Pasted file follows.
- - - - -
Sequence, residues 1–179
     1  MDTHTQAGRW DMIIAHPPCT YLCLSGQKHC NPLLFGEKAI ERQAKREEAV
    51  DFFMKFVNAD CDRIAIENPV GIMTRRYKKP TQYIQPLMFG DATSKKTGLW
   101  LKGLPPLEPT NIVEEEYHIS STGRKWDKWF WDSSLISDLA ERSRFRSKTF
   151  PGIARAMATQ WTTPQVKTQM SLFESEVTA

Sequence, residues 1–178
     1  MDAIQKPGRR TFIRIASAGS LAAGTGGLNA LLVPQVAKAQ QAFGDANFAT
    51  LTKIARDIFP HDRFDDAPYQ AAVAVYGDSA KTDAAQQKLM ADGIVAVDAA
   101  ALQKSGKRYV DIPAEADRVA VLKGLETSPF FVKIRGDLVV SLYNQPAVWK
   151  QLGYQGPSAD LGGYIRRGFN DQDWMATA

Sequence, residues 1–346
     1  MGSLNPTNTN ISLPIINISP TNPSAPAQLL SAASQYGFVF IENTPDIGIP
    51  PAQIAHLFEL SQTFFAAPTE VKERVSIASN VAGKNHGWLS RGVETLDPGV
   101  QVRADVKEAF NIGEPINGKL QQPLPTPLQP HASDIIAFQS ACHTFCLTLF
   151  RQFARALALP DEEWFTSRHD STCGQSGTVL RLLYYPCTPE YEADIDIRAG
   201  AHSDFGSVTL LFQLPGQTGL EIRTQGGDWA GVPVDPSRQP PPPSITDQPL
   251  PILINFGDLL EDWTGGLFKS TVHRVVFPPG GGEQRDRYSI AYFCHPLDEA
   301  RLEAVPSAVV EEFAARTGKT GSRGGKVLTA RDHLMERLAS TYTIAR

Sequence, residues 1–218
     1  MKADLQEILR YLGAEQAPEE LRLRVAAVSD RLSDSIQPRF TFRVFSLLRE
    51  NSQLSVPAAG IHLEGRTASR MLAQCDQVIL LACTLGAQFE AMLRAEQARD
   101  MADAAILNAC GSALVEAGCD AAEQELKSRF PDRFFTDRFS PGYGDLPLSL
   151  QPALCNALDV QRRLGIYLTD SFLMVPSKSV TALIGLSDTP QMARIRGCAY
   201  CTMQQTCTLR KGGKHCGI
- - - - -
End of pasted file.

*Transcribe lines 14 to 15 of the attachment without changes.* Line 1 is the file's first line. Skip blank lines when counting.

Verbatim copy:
   101  QVRADVKEAF NIGEPINGKL QQPLPTPLQP HASDIIAFQS ACHTFCLTLF
   151  RQFARALALP DEEWFTSRHD STCGQSGTVL RLLYYPCTPE YEADIDIRAG